Published On: November 7, 2017 09:01 AM NPT By: Sonam Lama

Making A Mark In Marketing

Making A Mark In Marketing

A learned professional dedicated to the field of marketing and communications for 15 years now, Suman Shrestha is the Head of Marketing and Communications at The British College, Thapathali.

He holds an MBA degree from Sikkim Manipal University in 2012 and has garnered extensive experiences in recruiting students, marketing and public relation, operations management, rapport building with government departments and ministries along with other development partners nationally as well as internationally. Having worked with International School of Management and Technology (ISMT) as well as AEC Nepal, he was also awarded the ‘Best Secretary General Award’ in 2016.

In an interview with My City’s Sonam Lama, Suman talked about his experiences and challenges in his 15 years of professional journey.

How has your experience in the field of marketing been so far?
Having dedicated 15 years of my life in the field, I feel that I have achieved a lot academically as well as professionally. At the initial phase of my career, I was very much drawn to communications and networking. So I was quite excited to explore the areas of marketing. Prior to entering the field I had limited access to professional people and was unaware of the skills that it comprised.

However, having learned and worked under many organizations from the grassroots level, I ultimately gained a deeper understanding of my responsibility and acknowledged the passion for my work.

How has the scope of marketing changed over the decades in Nepal?
We have invited numerous improvements in the field however marketing is yet to fully flourish in Nepal. Since the definition and strategies of marketing have been confined to traditional practice, it is significant to practice the two-way marketing that comprises the equal participation of both the marketer and customer in order for the field to proliferate at its maximum level.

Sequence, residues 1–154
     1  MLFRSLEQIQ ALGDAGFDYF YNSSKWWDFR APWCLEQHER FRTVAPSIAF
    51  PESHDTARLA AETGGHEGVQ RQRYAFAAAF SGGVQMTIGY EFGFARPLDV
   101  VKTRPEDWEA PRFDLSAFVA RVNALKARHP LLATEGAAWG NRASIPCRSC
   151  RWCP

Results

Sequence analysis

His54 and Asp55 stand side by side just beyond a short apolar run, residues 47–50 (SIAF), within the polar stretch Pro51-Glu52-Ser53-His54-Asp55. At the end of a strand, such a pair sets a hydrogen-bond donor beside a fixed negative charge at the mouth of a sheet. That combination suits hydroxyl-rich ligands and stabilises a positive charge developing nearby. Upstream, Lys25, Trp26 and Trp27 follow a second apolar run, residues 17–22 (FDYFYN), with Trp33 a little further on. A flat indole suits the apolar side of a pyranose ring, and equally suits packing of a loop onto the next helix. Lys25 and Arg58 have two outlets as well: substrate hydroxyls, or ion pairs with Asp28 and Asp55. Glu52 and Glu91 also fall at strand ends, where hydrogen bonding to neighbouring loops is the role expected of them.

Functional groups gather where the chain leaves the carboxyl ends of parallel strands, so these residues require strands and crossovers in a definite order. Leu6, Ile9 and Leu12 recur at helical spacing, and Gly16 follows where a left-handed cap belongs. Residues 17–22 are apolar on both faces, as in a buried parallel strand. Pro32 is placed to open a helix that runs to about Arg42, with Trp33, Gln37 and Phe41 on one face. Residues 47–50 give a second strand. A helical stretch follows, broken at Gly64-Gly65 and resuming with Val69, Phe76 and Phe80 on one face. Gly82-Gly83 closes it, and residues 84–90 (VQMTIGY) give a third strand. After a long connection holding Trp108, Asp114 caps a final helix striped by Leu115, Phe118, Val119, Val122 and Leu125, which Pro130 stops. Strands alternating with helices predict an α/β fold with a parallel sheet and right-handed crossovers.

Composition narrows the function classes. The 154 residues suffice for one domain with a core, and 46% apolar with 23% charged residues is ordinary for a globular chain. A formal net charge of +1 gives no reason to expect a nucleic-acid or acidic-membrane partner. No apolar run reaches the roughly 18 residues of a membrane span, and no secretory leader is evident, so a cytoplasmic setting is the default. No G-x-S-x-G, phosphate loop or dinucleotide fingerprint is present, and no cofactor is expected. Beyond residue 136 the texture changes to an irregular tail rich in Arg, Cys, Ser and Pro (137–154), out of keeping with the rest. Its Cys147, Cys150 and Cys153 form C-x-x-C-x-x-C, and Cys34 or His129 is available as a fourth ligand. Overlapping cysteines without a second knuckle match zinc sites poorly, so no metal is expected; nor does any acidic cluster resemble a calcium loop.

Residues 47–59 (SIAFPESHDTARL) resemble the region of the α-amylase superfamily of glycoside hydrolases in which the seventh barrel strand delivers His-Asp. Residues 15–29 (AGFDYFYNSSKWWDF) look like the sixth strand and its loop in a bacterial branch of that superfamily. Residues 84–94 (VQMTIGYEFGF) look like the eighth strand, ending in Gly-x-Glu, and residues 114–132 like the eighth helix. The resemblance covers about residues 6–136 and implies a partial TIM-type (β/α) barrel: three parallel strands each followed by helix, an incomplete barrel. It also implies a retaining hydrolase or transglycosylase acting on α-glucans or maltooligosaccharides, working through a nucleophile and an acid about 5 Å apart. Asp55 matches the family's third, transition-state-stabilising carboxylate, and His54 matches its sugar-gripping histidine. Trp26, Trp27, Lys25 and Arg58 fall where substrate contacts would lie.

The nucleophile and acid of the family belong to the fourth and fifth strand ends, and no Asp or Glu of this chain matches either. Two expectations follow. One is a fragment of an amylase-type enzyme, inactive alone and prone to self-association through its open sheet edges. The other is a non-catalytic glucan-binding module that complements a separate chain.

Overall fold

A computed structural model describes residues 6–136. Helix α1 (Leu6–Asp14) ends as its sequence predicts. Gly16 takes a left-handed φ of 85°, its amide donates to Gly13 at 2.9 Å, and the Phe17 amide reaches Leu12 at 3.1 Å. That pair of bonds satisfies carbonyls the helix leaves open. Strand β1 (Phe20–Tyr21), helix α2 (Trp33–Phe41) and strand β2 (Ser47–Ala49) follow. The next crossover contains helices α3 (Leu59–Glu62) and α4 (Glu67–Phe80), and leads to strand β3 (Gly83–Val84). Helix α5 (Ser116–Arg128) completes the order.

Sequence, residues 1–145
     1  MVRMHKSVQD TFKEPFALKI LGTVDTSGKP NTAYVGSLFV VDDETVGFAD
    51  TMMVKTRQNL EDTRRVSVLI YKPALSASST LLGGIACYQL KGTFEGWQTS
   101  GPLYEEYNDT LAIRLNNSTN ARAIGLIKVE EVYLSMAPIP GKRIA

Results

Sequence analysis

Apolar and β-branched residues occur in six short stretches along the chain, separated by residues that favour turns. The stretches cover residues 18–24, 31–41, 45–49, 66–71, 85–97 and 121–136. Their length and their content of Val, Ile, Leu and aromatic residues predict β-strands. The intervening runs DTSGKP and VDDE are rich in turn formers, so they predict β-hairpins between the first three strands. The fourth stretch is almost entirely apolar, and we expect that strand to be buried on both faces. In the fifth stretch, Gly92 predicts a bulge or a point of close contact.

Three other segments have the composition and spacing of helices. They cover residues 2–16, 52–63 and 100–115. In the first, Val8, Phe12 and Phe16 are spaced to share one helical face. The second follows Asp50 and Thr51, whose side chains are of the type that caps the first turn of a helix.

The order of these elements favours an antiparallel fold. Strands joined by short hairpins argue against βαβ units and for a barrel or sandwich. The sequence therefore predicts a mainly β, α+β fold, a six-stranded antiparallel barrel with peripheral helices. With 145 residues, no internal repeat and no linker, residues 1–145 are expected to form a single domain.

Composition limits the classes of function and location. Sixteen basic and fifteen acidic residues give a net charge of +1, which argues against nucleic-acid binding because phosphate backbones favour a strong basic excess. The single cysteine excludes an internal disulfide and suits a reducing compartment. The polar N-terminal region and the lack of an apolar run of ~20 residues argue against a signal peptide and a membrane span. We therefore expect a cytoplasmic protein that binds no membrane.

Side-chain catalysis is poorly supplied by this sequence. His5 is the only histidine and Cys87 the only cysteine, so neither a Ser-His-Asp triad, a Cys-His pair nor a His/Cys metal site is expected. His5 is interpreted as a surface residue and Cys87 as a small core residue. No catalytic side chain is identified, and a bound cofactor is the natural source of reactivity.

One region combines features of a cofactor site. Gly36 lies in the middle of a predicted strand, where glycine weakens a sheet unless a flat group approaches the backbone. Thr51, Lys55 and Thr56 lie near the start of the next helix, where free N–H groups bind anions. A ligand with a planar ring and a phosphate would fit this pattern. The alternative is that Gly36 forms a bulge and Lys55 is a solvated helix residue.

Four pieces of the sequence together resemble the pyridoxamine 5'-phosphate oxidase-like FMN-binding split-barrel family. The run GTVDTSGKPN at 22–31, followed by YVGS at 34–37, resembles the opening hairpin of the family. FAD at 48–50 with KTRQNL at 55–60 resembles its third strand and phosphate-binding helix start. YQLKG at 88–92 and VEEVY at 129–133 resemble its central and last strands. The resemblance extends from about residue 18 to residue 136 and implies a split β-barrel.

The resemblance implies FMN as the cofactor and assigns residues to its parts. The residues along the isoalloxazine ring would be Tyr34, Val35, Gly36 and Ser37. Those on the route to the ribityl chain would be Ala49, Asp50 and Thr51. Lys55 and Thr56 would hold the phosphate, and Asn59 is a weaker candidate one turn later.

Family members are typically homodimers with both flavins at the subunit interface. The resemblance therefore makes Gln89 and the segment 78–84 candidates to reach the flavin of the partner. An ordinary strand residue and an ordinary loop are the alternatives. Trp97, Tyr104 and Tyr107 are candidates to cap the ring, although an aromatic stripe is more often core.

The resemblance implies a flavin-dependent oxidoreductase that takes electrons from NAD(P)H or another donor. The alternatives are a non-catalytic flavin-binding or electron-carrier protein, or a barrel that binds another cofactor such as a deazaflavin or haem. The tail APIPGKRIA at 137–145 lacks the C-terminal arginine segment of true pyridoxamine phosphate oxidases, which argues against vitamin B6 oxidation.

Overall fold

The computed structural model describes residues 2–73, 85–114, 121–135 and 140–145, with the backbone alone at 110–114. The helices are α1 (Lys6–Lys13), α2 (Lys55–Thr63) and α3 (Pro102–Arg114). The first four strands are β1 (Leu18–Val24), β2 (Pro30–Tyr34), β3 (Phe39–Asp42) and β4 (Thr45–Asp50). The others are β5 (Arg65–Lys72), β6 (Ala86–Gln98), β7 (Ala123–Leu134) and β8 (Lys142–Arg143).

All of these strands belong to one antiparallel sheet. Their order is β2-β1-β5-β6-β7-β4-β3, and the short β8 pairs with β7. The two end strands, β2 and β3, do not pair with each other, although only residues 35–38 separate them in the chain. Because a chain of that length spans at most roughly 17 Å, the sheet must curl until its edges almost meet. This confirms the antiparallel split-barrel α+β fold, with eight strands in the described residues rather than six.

The field of marketing has grown in better terms and has established itself as an indispensible part of Communication and Public Relation. With the growth of multinational and automobile companies with the acknowledged importance of networking via social media the sector has been gaining much priority and gradually thriving in Nepal.

What challenges do you think persist in the field?
The primary factor that challenges the field is the lack of investment, resources and proper training. Advertising and brandishing will not suffice and vouch to bring about the progressive changes but it equally is crucial to maintain the public relation.

The problem here is that we highly focus on the initial phase with the objective to lure customers but hardly pay attention to the rapport building which is even more important to win our customers. Although marketing ethics and laws that have are limited to policy levels should be properly implemented.

What measures can be adopted to boost marketing in Nepal?
I believe the area of marketing needs to be explored in many respects. Having acknowledged the fact that marketing sales contribute to a major part of revenue generation, ample resources and budget should be invested. Advertising and brandishing being the firm grounds of marketing should be prioritized well and experimenting creative ideas of youth can be more of a help.

A proper management system should be operated to mitigate the problems that are frequently emerging to hinder the growth of marketing. The hoarding boards that have been restricted in some areas should be provided with some alternative to not hinder ones policy. Meanwhile, the use of digitaltechnology could also contribute to widen the scope in a long-run.

Any word of advice to our readers?
Be it any area of work or profession, marketing that comprises of communication and networking is an inescapable part of professionalism. Since it shares a common ground with every other station of work, the need for young and enthusiastic marketers is always required. Creative ideas and TV commercials made by youths are quite appreciable and welcomed so I believe an active participation of youth in marketing could bring about effective changes in the field.

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